The Business of Football: The Economics Behind the Game

The Business of Football: The Economics Behind the Game

23 May 2023

Key Indicators

Index / Fund / Rate Start of Year Last week This Week % change YTD
Lunar BCI WW Flexible Fund 141.43 170.95 170.54 20.58%
JSE ALSI 73 049 77 126 77 126 5.58%
NASDAQ Composite 10 467 13 241 13 259 26.68%
S&P 500 3 840 4 282 4 299 11.95%
Prime Lending Rate 10,50% 11.75% 11.75% 11.90%
USD/ZAR 16,98 19.53 18.72 10.25%
EUR/ZAR 18,44 20.91 20.17 9.38%
Brent Crude ($’barrel) 85,95 76.24 74.98 -12.76%

Source: Iress

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The Business of Football: The Economics Behind the Game

From groceries to semiconductors to football, numerous businesses cater to the supply of goods and services for people. While some businesses offer essential products, others provide entertainment. Regardless of the nature of the goods or services, consumers need to pay for them. Sometimes these are directly, and other times these are indirectly. Football teams have a fascinating approach to generating revenue, and their expenses are also heavily skewed towards specific items.

Revenue

Football clubs earn their revenues in various ways such as: through branding rights, the transfer market (which is extremely difficult), and matchday tickets (normally a small percentage of total revenue). However, the main way of earinng an income, in football, is through leveraging their branding rights. They can do this through a number of ways:

  • Earning fees from TV rights that are negotiated by the unions to which they belong e.g. FA (Football Association), UEFA (Union of European Football Associations), and SAFA. These unions are responsible for negotiating with TV broadcasters, who in turn compensate the football clubs depending on the number of games they play in which are televised.
  • Clubs also sign deals with clothing companies like Nike, Adidas, and Puma, receiving either lump sum payments or a percentage of merchandise sales.
  • They also earn fees from advertising, either at their home stadium or as logos on their sportswear.

Within Branding rights: broadcasting rights is the biggest driver of revenue. For e.g. UEFA are set to distribute €2.032 billion to teams participating in the Champions League, Europa League, and Super Cup this season. And Manchester City, the recent Champions League winners, are expected to earn around €60 million from their Champions League campaign, alone.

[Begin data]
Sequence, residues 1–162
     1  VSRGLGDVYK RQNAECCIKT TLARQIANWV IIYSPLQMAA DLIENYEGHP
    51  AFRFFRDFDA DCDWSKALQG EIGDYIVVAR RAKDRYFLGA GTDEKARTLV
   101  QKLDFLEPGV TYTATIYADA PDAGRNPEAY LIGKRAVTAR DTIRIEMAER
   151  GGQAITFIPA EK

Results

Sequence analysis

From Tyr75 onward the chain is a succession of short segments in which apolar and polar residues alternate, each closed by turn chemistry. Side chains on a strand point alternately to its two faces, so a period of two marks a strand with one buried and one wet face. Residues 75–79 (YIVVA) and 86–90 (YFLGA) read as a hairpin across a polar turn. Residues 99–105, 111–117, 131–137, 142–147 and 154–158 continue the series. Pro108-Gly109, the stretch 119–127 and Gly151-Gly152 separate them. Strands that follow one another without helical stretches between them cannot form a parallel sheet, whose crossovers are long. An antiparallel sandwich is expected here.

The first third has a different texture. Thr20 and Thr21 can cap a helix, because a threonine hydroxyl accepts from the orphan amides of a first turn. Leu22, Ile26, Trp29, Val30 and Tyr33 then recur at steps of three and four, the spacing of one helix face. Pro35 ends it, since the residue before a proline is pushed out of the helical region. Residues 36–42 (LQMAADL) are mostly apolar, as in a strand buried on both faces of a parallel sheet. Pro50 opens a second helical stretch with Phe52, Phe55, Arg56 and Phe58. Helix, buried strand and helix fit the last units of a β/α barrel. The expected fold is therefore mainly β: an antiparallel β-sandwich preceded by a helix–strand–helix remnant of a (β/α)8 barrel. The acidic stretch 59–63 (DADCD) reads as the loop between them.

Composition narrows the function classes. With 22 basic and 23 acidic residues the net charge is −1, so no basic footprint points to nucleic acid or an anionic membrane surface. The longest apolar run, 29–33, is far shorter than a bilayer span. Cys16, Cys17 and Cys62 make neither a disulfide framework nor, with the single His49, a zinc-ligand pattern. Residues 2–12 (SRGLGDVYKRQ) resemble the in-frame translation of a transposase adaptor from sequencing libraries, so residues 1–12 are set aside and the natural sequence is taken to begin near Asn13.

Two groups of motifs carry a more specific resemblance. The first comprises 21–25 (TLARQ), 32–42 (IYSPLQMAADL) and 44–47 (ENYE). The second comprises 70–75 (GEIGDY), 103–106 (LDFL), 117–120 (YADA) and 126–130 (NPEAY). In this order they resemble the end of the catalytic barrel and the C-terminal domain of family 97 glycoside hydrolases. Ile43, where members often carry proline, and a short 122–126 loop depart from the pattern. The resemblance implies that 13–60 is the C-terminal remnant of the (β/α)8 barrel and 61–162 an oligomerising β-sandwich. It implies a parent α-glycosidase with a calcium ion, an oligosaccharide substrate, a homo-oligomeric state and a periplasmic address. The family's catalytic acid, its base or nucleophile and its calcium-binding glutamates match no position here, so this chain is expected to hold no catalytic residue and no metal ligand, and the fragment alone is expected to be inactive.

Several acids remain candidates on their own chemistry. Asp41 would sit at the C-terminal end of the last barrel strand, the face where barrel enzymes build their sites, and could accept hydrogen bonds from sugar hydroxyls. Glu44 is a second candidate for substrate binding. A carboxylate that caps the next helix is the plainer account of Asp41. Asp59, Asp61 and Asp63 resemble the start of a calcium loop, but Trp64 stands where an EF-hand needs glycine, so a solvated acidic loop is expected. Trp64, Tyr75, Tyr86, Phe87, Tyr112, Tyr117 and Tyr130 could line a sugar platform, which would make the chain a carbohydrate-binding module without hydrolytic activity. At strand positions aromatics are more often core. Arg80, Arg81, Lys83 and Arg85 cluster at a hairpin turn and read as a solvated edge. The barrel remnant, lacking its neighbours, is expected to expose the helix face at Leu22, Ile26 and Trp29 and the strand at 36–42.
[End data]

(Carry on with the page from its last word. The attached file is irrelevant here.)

Costs

Football clubs incur various costs, including salaries for staff such as players, coaches, and administrative personnel. Additionally, they are responsible for maintaining stadium infrastructure. Intangible assets (such as player contracts) also require impairment adjustments over the duration of the contract. In the case of Manchester City’s 2021/2022 season, their largest expense was wages, totalling £353 million, which accounted for 55% of their total operating expenses and encompassed all staff (including players) of the club. The second largest cost item was the impairment of intangible assets (22% of operating costs). This was primarily the re-assessment of the value of players’ contracts as their contract durations decrease over time. Some clubs, like Juventus, prefer to acquire players whose contracts are nearing expiration, avoiding the need to pay exorbitant fees to other clubs to buy the players out of their contracts.

Grander Scheme of Things

The eye-catching figures spent by football clubs on players do not provide an accurate representation of their financial size. Player salaries and transfer fees constitute a significant portion of their expenses. Despite the global broadcast of sports events and widespread fan support, football clubs do not generate as much revenue as other globally recognized businesses. For instance, during Manchester City’s 2021/2022 season, they earned £613 million in revenue and £42 million in profit. In comparison, Puma, Man City’s kit sponsor, recorded €8,456 million in revenue and €354 million in profits for their 2022 financial year.

Owners of football clubs often have deep pockets to be able to afford the investments required to make the club successful. Some do it to hopefully earn a decent return on their investments; while others, arguably, do it for ego.

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This roundup is prepared for the clients of Lunar Capital (Pty) Ltd. This roundup does not constitute financial advice and is generated for information purposes only.
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www.eastwave.co.za) on investing and the markets.

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